821 F2d 1426 Morrill v. United States
821 F.2d 1426
Lelia MORRILL, Plaintiff-Appellant,
UNITED STATES of America, Defendant-Appellee.
United States Court of Appeals,
Submitted June 3, 1987*.
Decided July 15, 1987.
Maynard O. Kartvedt, Michael Rogers, El Cajon, Cal., for plaintiff-appellant.
Kathryn A. Snyder, San Diego, Cal., for defendant-appellee.
Appeal from the United States District Court for the Southern District of California.
Before KENNEDY and PREGERSON, Circuit Judges, and McKIBBEN,** District Judge.
Lelia Morrill appeals the dismissal of her action for lack of jurisdiction under the Federal Tort Claims Act, 28 U.S.C. Secs. 1346, 2671-2680 (FTCA). We reverse and remand for further proceedings.
The U.S. Navy hired Lelia Morrill to perform as a "Go-Go Dancer" at the Enlisted Men's Club at Miramar Naval Air Station. On October 1, 1980, during a break in one of her performances, Morrill was beaten and raped in the women's restroom by an enlisted man, Elton Squirewell.
Morrill sued the United States, as the owner and operator of the club and air base, under the FTCA, for negligent failure to prevent the assault. Morrill contends that the restroom was unattended and unsecured, and that the Navy failed adequately to supervise the enlisted men at club. She contends that alcohol was served at the club, that obstreperous behavior was permitted, and that the combination of drunken sailors and a scantily clad performer was explosive. Morrill also contends that the Navy knew or should have known of her assailant's prior arrests for rape.
The district court dismissed Morrill's First Amended Complaint for lack of subject matter jurisdiction based on governmental immunity for claims arising out of assault and battery. 28 U.S.C. Sec. 2680(h). This appeal followed.
A district court's dismissal of a complaint for lack of subject matter jurisdiction is reviewed de novo. Bon v. United States, 802 F.2d 1092, 1094 (9th Cir.1986).
The sole issue on appeal is the application of section 2680(h) of the FTCA, which provides an exception to the waiver of governmental immunity for certain intentional torts. Section 2680(h) provides:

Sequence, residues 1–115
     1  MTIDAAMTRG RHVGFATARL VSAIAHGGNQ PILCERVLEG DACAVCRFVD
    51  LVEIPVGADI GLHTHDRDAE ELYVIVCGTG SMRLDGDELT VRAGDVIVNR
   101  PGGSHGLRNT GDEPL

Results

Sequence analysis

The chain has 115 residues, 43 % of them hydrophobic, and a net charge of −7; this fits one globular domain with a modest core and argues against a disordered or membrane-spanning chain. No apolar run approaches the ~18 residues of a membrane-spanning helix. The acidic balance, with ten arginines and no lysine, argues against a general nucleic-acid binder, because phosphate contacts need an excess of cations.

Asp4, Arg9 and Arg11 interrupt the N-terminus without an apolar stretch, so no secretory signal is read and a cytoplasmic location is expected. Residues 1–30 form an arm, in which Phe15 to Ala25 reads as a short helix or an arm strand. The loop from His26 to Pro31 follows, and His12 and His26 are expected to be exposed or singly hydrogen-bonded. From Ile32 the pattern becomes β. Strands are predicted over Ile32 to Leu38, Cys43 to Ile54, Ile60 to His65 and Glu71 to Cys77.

The provisions of this chapter and section 1346(b) of this title shall not apply to--
(h) Any claims arising out of assault, battery, false imprisonment, false arrest, malicious prosecution, abuse of process, libel, slander, misrepresentation, deceit, or interference with contract rights....
28 U.S.C. Sec. 2680(h) (emphasis added).
Appellee United States asserts that section 2680(h) bars Morrill's claim for negligence because her claim "arises out of" the assault. The government cites United States v. Shearer, 473 U.S. 52, 105 S.Ct. 3039, 87 L.Ed.2d 38 (1985), in which four of the justices said that "arising out of" indicated a Congressional intent to bar claims for supervisory negligence where there would have been no claim without an assault and battery. Id. at 55, 105 S.Ct. at 3042. Because Shearer turned on the Feres doctrine (Feres v. United States, 340 U.S. 135, 71 S.Ct. 153, 95 L.Ed. 152 (1950)) and not on section 2680(h), this court has twice before declined to accept the statement of four members of the Shearer court as controlling. See Bennett v. United States, 803 F.2d 1502 (9th Cir.1986); Kearney v. United States, 815 F.2d 535 (9th Cir.1987).
In Bennett, parents of children who had been sexually molested by a teacher employed at a Bureau of Indian Affairs school sued the government for negligence under the FTCA. We held that the exception in section 2680(h) for tort claims "arising out of assault [or] battery" did not insulate the government from liability where its own negligence was the proximate cause of the injury. 803 F.2d at 1503.
In Kearney, the husband of a woman allegedly murdered by an army private sued the government for wrongful death under the FTCA. Based on our decision in Bennett, we again held that although section 2680(h) shields the government from respondeat superior liability for assault and batteries committed by employees, section 2680(h) does not shield the United States from the consequences of its own supervisory negligence. 815 F.2d at 537.
The United States argues in the alternative that even if it can be sued for negligence for failing to prevent the assault and battery, Morrill has failed to allege facts sufficient to state a claim for negligence. This contention is premature. The district court has not ruled on the issue or on Morrill's pending motion to compel discovery.
On the authority of our recent decisions in Bennett and Kearney, we reverse and remand for further proceedings.
REVERSED and REMANDED.